Survive Till Night – Survival Horror Prototype

For my Video Game Design class, we had an interesting assignment. Our teacher put us in groups and prompted us all to create a prototype for a 3D game in mind. Up until this point, we have been making paper prototypes for physical games in mind, such as card games and board games. My group number was Group #8.

We also had to create our paper prototype with a specific prompt in mind. We had to create a game about the Zika Virus, and use our game to somewhat educate players on prevention techniques and symptoms of the Zika Virus.

Needless t0  say, this assignment was a bit hard to wrap my head around. It took my partner and I about a week of brainstorming before we finally decided on what genre we wanted our game to be. We were at first leaning towards a FPS game, but we feared that would be a common idea in our class. We actually ended up deciding to do a Survival Horror genre game. We came up with the idea of players being stranded on an island stuck with “Super Mosquitoes” that were infected with the virus. This was how our game Survive Till Night was born. Players would have to keep track of their clothing and water levels and if either one became depleted, the player would die. Players could use bug spray to attack the Super Mosquitoes.

The First Board for Play Testing

We intended our game to be prototyping a real-time, 3D survival horror game. To emulate the passing of time, at the end of each round I would write down an hour had passed. I used a white board for all of the stats in our game and tried my best to keep up with players and write down the status ailments and item uses in real time. While I was not actively playing the game with them, this allowed for be to have a very close watch on the players’ struggles and reactions throughout their play test of our game.
During our first play test of the game, it was clear that we had our game’s basic mechanics down rather well. Players were overall positive of our game, and no one had any complaints about our core mechanics of the game. In fact, most criticism we received was mainly to add mechanics such as the ability to loot resources off of dead players, the implementation of a crafting system, and the incorporation of teamwork mechanics into the game.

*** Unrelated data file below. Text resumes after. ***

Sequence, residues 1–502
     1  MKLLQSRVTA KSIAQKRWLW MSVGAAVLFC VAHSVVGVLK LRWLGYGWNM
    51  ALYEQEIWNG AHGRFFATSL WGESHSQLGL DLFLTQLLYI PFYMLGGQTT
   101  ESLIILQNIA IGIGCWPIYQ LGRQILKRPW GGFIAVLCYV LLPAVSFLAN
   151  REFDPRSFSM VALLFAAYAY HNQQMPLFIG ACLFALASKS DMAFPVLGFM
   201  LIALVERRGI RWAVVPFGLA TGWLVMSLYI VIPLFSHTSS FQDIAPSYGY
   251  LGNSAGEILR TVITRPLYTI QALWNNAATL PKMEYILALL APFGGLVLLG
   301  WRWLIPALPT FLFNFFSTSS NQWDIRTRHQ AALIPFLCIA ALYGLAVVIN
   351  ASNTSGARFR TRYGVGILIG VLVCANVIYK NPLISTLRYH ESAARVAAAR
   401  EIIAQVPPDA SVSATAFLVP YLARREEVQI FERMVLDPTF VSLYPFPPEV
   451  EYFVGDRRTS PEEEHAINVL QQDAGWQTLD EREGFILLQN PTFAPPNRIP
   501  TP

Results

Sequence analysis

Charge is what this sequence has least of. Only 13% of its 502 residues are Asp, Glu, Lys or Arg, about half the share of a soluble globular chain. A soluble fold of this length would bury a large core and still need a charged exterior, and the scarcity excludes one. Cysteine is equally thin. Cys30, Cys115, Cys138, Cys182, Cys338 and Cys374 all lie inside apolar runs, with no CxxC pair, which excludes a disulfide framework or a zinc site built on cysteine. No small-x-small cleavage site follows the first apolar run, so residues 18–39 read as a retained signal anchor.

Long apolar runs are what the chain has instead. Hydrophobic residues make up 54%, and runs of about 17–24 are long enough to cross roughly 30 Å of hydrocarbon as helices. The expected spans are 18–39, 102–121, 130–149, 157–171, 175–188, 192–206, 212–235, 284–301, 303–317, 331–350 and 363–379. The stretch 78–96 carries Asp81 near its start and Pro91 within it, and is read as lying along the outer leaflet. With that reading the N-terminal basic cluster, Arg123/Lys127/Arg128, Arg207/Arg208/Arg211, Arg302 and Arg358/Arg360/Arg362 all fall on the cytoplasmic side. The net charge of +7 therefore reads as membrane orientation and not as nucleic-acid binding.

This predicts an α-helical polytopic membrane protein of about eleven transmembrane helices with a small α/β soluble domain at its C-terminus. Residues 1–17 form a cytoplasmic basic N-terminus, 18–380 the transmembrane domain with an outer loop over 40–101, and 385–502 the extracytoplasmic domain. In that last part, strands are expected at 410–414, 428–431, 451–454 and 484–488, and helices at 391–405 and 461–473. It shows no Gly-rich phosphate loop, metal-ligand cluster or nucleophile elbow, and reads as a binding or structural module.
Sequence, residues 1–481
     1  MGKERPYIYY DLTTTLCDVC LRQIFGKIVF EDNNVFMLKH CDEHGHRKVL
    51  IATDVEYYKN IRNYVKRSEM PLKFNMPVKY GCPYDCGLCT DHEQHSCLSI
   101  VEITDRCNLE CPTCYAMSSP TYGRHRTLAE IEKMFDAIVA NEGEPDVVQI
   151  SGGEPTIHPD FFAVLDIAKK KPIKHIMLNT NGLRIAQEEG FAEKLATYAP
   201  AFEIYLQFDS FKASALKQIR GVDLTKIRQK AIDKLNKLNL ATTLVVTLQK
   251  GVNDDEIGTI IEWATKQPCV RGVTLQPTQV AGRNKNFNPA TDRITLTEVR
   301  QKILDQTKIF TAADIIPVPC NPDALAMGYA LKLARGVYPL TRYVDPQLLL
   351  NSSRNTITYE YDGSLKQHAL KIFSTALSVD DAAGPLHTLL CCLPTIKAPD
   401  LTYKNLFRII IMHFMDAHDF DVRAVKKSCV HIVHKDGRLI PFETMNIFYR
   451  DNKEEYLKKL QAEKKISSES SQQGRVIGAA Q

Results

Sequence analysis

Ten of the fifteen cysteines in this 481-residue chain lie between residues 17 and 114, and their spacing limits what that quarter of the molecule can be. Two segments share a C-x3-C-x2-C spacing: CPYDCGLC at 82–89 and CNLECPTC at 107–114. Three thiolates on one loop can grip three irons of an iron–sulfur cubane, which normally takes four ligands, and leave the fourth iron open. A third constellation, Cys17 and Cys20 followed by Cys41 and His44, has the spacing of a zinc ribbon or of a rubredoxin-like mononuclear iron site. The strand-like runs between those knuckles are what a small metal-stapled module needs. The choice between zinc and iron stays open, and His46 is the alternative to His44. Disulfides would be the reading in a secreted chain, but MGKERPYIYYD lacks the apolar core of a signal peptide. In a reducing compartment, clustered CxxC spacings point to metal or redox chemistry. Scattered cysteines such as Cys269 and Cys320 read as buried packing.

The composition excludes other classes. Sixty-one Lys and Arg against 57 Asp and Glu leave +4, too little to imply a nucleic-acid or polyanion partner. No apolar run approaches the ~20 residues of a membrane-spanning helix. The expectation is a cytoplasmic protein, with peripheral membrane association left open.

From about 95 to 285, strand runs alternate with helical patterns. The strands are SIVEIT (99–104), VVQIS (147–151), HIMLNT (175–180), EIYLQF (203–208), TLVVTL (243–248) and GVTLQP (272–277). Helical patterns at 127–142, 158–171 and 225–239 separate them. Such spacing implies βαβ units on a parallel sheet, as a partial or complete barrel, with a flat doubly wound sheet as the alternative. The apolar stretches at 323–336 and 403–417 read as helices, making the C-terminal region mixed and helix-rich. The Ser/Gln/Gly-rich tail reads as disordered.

Our Board for the Second Play Test

The tasks in my group were pretty evenly split. I was in charge of creating and designing the board, my teammate was in charge of buying and bringing resources such as dice and  the whiteboard, and we both took equal part in brainstorming for our game. In particular, I was in charge of fleshing out resource mechanics and crafting while my partner was in charge of fleshing out the “Super Mosquitoes” and their battle mechanics. I would say we managed ourselves mostly, but we kept each other accountable. We had very good communication.
Going forward, I would take a page from what I learned in this assignment and get the core mechanics of a game polished as best as I can BEFORE  I play test my game for the first time. That extremely helped in this assignment and made the design process so much easier going forward compared to my previous assignments. Plus it allowed for us to add more complex mechanics to build on top of the core mechanics, rather than having to fix an already convoluted mess of broken mechanics. This assignment went really well for my teammate and I.

The Super Mosquitoes and Item Cards

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